Students could chat on ChatGPT, “Is my formal email correct? (It is an email to a manager about my personal qualifications to get a job in a company)”. From ChatGPT, the students obtain a list of all their errors in grammar, vocabulary, register, and other areas. Similarly, the students ask for assistance with their blog posts, letters of inquiry, or text messages and receive suitable guidance based on their particular requirements. The students turn in their final versions to the teacher for a thorough review after including the ChatGPT suggestions and corrections.

During this process, the observation checklist directed the researcher to the points she needed to focus on, and the researcher simultaneously took fieldnotes. Those descriptive field notes have been taken by the researcher in order to keep the records of participants’ mode switches, their behaviors, and reactions. After completing four lessons and four writing assignments, the students are interviewed about ChatGPT. They are asked to express their preferences for using ChatGPT and justify those opinions. This input is used to evaluate ChatGPT's efficacy as a writing aid and its influence on the students' learning process.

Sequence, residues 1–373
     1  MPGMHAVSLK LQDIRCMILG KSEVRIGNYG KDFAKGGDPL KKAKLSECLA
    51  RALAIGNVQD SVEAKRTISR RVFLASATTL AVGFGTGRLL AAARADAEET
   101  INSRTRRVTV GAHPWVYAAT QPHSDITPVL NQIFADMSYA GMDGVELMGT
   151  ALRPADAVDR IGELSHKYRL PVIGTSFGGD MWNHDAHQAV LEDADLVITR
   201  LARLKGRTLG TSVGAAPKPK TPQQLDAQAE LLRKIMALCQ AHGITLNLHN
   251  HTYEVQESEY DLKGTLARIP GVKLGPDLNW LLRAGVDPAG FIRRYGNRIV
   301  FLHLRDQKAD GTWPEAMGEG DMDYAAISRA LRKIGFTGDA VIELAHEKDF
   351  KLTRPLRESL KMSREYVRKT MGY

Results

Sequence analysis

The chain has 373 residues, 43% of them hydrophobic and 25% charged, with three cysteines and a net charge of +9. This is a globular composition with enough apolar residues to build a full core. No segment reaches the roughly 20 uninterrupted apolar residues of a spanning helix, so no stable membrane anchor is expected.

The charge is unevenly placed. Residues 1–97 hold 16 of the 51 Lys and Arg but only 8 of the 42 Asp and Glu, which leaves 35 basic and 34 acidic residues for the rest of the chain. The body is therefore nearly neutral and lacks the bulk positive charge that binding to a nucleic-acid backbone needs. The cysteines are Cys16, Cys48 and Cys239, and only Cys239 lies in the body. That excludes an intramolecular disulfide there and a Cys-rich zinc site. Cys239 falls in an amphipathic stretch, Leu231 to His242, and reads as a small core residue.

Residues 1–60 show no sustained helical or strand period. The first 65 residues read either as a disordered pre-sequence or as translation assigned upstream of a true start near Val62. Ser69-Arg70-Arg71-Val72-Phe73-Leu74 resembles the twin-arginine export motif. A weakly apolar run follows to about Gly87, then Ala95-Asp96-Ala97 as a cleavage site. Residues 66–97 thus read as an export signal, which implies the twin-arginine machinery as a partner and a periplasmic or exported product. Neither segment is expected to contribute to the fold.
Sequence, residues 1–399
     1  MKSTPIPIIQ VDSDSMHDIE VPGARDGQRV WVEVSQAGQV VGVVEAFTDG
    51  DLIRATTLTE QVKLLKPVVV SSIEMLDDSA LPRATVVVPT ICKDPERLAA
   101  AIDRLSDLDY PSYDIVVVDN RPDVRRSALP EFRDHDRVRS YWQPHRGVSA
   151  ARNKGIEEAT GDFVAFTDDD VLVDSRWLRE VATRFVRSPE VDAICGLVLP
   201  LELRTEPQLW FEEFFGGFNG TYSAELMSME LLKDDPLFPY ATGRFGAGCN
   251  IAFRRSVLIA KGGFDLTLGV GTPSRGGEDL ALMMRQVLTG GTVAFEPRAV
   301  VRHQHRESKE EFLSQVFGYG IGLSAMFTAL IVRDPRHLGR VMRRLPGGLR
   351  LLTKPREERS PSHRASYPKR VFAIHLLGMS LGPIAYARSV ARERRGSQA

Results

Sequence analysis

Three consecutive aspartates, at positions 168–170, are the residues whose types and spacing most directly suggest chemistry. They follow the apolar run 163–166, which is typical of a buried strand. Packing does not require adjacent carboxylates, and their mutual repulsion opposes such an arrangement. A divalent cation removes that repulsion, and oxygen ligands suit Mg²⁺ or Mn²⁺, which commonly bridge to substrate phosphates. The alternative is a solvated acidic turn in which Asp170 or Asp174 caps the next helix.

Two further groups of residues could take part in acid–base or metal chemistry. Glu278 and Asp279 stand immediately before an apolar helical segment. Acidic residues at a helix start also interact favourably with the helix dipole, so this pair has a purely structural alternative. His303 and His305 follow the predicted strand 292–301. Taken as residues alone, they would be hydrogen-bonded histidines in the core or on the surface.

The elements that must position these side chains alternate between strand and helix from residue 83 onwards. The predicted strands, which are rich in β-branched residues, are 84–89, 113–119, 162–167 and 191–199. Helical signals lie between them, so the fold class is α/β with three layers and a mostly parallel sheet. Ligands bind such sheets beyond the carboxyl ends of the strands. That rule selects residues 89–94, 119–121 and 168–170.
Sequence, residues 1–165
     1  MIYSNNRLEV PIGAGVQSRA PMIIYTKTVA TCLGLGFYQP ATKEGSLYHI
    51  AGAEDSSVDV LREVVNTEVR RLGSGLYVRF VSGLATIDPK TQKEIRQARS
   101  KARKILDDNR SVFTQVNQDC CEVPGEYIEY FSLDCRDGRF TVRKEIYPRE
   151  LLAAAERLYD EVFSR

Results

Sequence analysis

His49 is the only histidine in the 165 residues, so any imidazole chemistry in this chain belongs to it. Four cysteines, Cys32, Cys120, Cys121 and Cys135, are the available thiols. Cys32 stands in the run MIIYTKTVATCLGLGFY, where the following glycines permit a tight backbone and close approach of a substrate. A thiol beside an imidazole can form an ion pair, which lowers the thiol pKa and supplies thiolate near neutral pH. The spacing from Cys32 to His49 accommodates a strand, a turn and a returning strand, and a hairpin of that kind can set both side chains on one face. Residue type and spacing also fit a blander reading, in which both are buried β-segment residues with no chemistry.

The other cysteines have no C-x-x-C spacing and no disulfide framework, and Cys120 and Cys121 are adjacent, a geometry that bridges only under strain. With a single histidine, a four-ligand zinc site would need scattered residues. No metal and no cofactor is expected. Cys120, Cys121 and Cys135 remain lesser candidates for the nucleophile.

Data analysis

The data was analyzed based on the qualitative data analysis process suggested by Creswell (2014). According to Creswell (2014), there is no one tried-and-true approach to analyzing qualitative data as qualitative research is “interpretive”, in which you judge a description that matches the context or themes that effectively summarize the main categories of data (p. 238). Following a “bottom-up” approach, the data were collected by observations, fieldnotes, and interviews. Then, the data was prepared for the analysis and read verbatim. The subsequent stage involved coding the data within the textual context, thereby enabling the identification and interpretation of emergent themes. The general themes were created based on two research questions. For the first research question, the themes are (1) the perceived benefits of ChatGPT as a learning assistant and (2) the challenges and limitations of ChatGPT as a learning assistant. For the second research question, the themes are (1) students' opinions on using ChatGPT and (2) suggestions and improvements for ChatGPT. Below are the findings for each research question under the themes.

Results and discussion

The present study investigating the impact of ChatGPT on the learning of the register in different writing tasks included 11 participants in total. The demographics of the participants are shown in Table 1.

Table 1 Demographics of participants